14 thoughts on “How Many Fields Should Your Opt-in Form Have?

    1. Hi Martin. Thank you for your comment.

      I like conversational copywriting. But it doesn’t necessarily involve names. On blog posts, for example, it would be impossible to use names, but you can use conversational copywriting though. Even if we’re chatting we won’t use our names too often, right? ;)

      Anyway, using first names in your messages cannot be bad. It adds to your conversational copywriting. But… surnames? What do you use them for?

      You could call your subscribers by their first names. Or, alternatively, you could call them by their surnames (unusual if you ask me). But why do you need both the first name and the surname?

      You’re consistent, right? You don’t call someone Adrian in the first paragraph and Mr. Jock in the second one. Right? So… once again… why do you need both? How does it help you? :)

      AJ

      PS “Good to know it” – it’s not an acceptable reason :)

      1. Adrian: It is “good to know” if it is a real person who has signed up for the list, or if it is a robot. ;) I want to be able to do search on the interwebs. I want to have a conversation with my readers. I understand that if it is too many fields to fill out, maybe the visitor to the site, will back out. If you don’t want to use your real name, you could write, N.N., or N/A. ;)

        M.L. ;)
        Martin Lindeskog recently posted: Call for Help and Call to Action

        1. Martin, Martin. [Smiling] If you get a last name submitted and you find it on the internet, it doesn’t mean that your new subscriber isn’t a spam bot :) That’s your guess, but it may not be correct. The spam bots fill in these fields using keywords or names. Real names. It’s not difficult to design bots that use real names for the name field.

          Some of the spammers who design such spam bots even get Gravatar accounts in order to attach a picture to their profile (in case the fields belong to a comment area). Other spammers don’t use spam bots, they spam manually.

          Here’s a funny certain Singh who “commented” on this blog: https://www.adrianjock.com/spot-clever-blog-spam/#comment-198 The picture belongs to an American actor though. The spammer was lazy and the name didn’t match the picture :) But not all spammers are that stupid.

          The truth is that when you get a last name, you don’t get anything. If you don’t use last names in your emails, you just get an useless piece of information (you do NOT actually know whether the new subscriber is a bot or not) in exchange of dropping your conversion rates. Bad deal ;)

          If you want to find out whether a new subscriber is a spam bot or not, instead of guessing and asking for info you don’t actually need you should use proper tools that are not perfect but more accurate that your guessing style method that wastes time for no gain. Use this tool: https://cleantalk.org/blacklists?record=

          As for prospects theoretically being able to write something else such as NN, NA, or a random last name, some people may do that, others may just run away. (That’s how REAL people act. Real people don’t read your mind and don’t follow your orders or suggestions. They take independent decisions, and irrespective whether such decisions are good or bad for them, you may lose subscribers for no reason) And that’s a decrease of your conversion rate in exchange of getting… nothing.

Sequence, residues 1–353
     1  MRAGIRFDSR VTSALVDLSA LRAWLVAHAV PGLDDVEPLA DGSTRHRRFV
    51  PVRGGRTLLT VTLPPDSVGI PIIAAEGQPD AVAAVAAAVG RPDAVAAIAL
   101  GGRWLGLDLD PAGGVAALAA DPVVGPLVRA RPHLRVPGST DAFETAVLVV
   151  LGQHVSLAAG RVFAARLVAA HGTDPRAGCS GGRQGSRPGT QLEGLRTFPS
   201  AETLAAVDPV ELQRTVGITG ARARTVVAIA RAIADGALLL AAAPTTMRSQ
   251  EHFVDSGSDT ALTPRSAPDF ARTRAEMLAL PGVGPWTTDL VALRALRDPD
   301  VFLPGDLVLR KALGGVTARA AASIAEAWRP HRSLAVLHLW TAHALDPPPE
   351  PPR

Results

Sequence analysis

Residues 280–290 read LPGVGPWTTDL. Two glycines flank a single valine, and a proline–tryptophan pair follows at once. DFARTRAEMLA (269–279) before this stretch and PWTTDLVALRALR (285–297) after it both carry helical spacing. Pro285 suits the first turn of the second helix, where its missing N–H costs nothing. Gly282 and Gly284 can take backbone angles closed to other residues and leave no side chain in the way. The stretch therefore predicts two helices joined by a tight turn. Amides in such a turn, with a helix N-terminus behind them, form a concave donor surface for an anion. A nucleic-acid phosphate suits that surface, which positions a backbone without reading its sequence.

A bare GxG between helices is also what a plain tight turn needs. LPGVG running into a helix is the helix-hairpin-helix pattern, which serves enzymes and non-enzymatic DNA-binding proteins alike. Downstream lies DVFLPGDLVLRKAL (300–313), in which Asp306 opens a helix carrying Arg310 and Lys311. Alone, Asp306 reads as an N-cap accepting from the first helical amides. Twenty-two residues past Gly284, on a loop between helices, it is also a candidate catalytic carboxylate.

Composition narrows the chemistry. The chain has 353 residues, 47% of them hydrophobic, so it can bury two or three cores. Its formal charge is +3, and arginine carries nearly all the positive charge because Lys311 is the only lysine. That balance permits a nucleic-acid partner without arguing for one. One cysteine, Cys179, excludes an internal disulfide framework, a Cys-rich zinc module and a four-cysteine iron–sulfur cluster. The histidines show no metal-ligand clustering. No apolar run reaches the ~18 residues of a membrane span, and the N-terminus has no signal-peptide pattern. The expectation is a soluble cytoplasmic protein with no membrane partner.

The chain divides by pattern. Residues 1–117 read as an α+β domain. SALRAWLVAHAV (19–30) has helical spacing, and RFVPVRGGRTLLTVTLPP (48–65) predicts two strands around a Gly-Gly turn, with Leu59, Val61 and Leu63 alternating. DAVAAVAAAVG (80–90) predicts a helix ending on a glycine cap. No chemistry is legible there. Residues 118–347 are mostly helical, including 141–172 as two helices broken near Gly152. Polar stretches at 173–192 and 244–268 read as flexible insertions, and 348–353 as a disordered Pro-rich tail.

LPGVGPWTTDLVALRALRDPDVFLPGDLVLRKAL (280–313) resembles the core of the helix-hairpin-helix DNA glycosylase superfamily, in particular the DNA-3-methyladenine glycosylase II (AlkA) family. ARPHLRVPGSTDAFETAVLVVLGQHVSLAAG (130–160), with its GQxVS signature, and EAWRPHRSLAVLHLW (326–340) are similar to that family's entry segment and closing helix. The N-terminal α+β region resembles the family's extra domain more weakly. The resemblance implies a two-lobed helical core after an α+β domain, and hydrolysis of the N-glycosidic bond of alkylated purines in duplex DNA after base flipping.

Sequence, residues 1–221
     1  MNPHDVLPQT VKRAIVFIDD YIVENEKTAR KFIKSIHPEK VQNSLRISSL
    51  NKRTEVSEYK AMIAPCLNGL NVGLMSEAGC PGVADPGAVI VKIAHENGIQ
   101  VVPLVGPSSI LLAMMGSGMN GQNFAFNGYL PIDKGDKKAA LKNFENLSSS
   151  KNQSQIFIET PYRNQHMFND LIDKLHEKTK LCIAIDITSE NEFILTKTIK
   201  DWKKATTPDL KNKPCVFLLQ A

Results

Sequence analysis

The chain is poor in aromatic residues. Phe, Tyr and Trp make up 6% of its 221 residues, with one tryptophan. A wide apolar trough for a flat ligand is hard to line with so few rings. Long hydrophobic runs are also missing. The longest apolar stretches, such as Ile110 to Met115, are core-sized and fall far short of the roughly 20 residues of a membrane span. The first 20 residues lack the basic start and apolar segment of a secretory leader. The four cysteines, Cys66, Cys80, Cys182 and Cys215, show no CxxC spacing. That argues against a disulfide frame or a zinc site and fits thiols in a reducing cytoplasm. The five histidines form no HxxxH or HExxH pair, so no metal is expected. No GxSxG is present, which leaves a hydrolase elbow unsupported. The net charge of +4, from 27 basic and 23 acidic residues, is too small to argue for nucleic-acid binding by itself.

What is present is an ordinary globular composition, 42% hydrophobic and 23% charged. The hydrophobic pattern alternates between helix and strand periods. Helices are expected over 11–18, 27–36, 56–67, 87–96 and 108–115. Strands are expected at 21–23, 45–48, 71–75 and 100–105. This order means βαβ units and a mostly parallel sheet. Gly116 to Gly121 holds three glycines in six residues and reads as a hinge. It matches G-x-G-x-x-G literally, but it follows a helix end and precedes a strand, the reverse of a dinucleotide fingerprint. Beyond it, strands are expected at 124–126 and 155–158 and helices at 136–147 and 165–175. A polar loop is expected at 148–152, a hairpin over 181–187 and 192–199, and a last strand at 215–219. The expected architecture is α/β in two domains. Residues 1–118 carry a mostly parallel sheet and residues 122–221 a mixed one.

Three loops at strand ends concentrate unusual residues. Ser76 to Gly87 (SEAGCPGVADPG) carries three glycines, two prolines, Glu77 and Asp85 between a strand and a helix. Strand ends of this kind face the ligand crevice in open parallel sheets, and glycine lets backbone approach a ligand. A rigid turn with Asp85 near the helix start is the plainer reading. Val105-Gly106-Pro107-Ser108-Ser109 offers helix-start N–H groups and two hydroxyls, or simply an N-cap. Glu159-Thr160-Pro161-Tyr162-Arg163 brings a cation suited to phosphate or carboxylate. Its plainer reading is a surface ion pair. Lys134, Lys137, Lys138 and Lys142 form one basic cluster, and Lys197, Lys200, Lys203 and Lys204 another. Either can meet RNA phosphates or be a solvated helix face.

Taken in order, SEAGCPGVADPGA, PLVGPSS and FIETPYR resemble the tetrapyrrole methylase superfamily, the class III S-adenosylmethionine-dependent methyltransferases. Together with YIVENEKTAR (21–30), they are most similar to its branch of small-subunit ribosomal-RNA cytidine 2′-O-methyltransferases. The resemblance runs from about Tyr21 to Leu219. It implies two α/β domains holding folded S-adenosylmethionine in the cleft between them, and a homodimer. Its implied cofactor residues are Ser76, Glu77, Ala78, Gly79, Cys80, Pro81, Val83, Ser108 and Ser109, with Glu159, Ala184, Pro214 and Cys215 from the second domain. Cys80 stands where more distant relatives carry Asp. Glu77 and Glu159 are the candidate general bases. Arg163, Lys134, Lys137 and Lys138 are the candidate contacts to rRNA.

I’m not going to extend this topic. If what I already explained and suggested helps you, that’s great. Alternatively, if you think that it doesn’t help you, just move on, there’s absolutely no problem on my side. Not everyone has to agree with me :) Have a great weekend and thank you once again for stopping by and commenting!

          1. Adrian,

            Thanks for providing me with examples and arguments. You have helped me to “chew” on this topic. Maybe I will change to only having one field in the future… ;)

            Have a nice weekend! I hope you will drink some tea! :)

            All the Best,

            Martin
            Martin Lindeskog recently posted: High Tech Tea

    1. Thank you for your comment, Lisa.

      I don’t think that asking for the last name is good. But almost every rule has exceptions.

      For example, a doctor who publishes a newsletter for the patients may not want to call you Lisa but Mrs. Sicard. And maybe that’s what you’ll prefer too. So he needs your last name. He may also ask for your phone number. If you trust him when it comes to your health, you’ll give him also the phone number, won’t you?

      In such a case as shown above, asking for more pieces of information most probably won’t decrease the conversion rates. That’s because you kind of have a relationship with the sender already.

      So the exception is this one: If it’s not appropriate to use your subscriber’s first name, and you really need the last name, you may ask for it. Sometimes that’s the case of professional newsletters (professional = related to a profession, not the other meaning).